CBRE: Customers are interested in small shopping centres and high street
How do people shop for non-food goods? What is the role of shopping centres and their types? What are the consumers' requirements related to shopping and what is the role played by experiences? How do consumers change their behaviour in the on-line and in-store world? And, is such behaviour different in different countries? CBRE, the world leader in commercial real estate, introduced the results of the pan-European study How Consumers Shop and Czech study Shopping Centre Index.
The How Consumers Shop survey, involving 21,000 respondents in 21 countries, monitors consumer behaviour. The Shopping Centre Index study describes the functioning of regional shopping centres using a sample of ten regional shopping centres with more than 230,000 sq m, 730 retailers and 38.5 million customers.
“The How Consumers Shop study has revealed several interesting details having a great impact on retailers’ planning of future activities. In particular, the interest of European customers in smaller shopping centres and high street is growing,” says Veronika Tebichová, Head of Retail Agency, CBRE. While customers in in Western European countries show an increasing interest in smaller shopping centres and high street, customers in Eastern Europe and Scandinavia still prefer large shopping centres.
Price, cleanness, convenience and security
The most important factor for visiting a shopping centre remains, above all, the price. This factor remains the same in the Czech Republic as well as in the other countries involved in the survey. Another important factor is cleanness, followed by shopping convenience together with security.
Price, cleanliness, convenience and security are therefore on the top of the list of factors that consumers expect to be present across all countries in all kinds of shopping centres. Diverse tenant mix, parking capacities and personal security counts among very important factors.
How customers travel to shop
Convenient access is also a critical factor for consumers when choosing where to shop European consumers travel 6 to 15 minutes to their most often visited non-food shopping areas - generally smaller shops or shops in the high street location. “Customers travel considerably longer in the Czech Republic They usually travel 16 to 30 minutes. With an increasing income the willingness to travel to more distant shopping centres decreases, in particular in males,” says Veronika Tebichová.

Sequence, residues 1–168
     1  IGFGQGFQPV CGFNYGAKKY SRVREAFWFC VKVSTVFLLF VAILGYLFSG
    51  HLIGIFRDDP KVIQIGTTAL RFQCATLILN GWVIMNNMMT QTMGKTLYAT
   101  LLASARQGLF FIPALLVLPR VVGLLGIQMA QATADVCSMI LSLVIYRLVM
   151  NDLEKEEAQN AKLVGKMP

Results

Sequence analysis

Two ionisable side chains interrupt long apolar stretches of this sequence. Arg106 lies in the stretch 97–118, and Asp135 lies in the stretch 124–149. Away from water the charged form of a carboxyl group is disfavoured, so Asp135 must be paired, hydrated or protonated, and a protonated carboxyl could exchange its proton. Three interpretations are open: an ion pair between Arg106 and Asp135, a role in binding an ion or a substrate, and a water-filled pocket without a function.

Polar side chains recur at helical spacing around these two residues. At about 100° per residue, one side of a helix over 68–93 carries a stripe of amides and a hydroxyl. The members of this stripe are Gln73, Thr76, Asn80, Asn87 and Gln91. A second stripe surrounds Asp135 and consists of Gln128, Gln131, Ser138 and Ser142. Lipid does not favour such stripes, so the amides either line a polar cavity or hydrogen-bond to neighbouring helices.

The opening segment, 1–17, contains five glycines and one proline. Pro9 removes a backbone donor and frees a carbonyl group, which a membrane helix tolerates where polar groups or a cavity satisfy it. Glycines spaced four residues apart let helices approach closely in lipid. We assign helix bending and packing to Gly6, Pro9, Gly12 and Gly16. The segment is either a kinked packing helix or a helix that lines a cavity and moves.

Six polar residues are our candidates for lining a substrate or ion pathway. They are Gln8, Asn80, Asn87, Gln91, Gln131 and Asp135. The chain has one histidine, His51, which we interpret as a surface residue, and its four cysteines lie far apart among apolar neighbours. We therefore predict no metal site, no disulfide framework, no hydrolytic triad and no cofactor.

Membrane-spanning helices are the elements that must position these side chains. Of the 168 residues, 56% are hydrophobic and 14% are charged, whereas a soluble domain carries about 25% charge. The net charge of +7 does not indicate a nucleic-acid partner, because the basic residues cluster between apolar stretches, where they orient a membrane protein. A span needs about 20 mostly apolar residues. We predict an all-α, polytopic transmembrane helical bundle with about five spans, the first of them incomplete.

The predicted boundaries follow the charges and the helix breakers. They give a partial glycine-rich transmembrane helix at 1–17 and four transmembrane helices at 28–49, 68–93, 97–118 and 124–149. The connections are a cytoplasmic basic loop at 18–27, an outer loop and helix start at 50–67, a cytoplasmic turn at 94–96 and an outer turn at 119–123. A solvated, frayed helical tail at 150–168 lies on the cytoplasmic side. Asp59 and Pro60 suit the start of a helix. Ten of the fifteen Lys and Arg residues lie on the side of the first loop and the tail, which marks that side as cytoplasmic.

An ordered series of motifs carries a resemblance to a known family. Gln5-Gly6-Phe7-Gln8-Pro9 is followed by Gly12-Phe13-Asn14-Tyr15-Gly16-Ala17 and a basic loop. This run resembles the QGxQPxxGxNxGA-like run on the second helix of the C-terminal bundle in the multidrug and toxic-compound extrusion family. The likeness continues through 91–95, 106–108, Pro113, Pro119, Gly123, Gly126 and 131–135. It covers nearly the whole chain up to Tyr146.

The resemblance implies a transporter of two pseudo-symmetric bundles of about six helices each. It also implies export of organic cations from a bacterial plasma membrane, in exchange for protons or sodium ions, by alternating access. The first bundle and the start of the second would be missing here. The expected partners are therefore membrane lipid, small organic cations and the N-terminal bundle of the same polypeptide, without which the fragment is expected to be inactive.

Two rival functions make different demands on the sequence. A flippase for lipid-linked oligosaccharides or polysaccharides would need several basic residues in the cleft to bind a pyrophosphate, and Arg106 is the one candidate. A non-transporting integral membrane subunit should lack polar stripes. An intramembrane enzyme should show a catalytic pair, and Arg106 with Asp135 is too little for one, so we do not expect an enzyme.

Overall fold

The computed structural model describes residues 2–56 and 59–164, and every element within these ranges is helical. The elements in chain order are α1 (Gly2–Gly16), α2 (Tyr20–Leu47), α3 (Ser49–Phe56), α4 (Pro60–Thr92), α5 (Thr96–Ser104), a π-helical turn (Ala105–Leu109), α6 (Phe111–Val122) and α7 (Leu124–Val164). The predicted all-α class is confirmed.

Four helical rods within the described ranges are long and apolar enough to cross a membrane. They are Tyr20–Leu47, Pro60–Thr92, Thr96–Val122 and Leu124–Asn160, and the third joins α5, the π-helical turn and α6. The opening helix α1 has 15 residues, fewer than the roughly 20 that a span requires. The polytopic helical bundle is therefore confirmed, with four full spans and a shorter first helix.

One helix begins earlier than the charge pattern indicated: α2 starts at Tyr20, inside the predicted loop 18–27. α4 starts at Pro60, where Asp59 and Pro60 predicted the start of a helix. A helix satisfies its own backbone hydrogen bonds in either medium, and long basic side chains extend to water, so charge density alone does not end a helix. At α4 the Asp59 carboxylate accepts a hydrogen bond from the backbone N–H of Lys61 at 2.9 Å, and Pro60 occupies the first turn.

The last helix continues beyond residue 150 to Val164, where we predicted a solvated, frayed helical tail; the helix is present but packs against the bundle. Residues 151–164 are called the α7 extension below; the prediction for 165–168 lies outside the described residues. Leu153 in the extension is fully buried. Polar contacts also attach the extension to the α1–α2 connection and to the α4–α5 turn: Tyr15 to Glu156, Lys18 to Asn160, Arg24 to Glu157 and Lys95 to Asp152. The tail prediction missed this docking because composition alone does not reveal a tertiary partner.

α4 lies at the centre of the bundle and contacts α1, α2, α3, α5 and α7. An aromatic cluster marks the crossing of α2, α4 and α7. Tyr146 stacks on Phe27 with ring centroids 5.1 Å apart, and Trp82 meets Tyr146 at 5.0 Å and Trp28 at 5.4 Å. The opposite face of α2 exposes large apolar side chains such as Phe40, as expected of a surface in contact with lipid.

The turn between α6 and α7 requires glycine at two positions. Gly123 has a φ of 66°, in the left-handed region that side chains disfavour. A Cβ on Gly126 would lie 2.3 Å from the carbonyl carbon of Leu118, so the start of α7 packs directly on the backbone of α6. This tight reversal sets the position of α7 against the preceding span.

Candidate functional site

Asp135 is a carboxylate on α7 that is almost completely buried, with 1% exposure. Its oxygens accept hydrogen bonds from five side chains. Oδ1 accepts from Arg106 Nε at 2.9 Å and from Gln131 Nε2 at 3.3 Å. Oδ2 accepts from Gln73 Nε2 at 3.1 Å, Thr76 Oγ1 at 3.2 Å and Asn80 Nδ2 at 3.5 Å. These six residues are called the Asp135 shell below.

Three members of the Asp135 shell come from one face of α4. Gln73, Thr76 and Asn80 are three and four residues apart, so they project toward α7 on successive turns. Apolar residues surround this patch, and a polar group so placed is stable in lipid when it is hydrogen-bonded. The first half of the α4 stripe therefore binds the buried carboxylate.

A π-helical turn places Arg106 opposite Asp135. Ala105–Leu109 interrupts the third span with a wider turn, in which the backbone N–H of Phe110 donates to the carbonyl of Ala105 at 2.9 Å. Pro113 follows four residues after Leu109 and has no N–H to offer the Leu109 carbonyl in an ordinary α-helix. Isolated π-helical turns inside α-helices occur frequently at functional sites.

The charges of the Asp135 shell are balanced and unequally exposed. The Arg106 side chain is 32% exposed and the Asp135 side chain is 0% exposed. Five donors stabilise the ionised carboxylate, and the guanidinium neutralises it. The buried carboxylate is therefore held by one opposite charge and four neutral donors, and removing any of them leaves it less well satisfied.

And, how often do customers shop? On average, it is 39 times a year for European customers, and 30 times a year for Czech customers. Interestingly, unlike the typical European customer, the Czech customer searches for products and information about products on-line far more often.
Needs and requirements by age
Different expectations by age are also apparent. As expected, younger age groups appreciate the social aspects of shopping centres much more than older groups. Meeting friends and the advantage of present entertainment services such as cinemas and free Wi-Fi are viewed positively. This group tends to use public transport more and are therefore less concerned with parking.
Renovation is an attractive lure for new customers
Renovation of shopping facilities is vital to reinvigorate retail shopping centres. Half of the interviewed consumers expressed that they prefer the convenience of local shopping to dominant, purpose-built shopping centres. Consumers are more likely to visit renovated shopping facilities. Higher earners are also more appreciative of improvements, with modern facilities drawing big spenders. From an attractiveness point of view, it is vital for shopping centres to keep their pleasant atmosphere which will encourage customers to return to the shopping centre.
As the Shopping Centre Index study proved, the most frequently represented categories of occupiers found in shopping centres managed by CBRE are fashion (56%), entertainment (18%) and convenience (9%). In addition, the survey has proven that the size of individual units in shopping centres must be well balanced. For example, in CBRE-managed centres, small units within 200 sq m form 32% of the floor area, units between 200 and 500 sq m form 25%, 500 to 1,000 sq m 22% and units larger than 1,000 sq m form 22%. This trend clearly shows that the potential lies in small shopping centres much more likely than in the development of new large ones.